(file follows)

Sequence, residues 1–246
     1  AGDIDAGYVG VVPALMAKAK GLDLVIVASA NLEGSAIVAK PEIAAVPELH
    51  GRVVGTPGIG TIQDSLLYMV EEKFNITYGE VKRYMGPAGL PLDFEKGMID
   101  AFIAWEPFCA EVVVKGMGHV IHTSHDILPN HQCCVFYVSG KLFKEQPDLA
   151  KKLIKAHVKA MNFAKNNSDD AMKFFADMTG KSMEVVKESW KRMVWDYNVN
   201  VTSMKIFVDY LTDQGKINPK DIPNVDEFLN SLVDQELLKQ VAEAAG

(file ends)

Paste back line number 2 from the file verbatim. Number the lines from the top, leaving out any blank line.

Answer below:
     1  AGDIDAGYVG VVPALMAKAK GLDLVIVASA NLEGSAIVAK PEIAAVPELH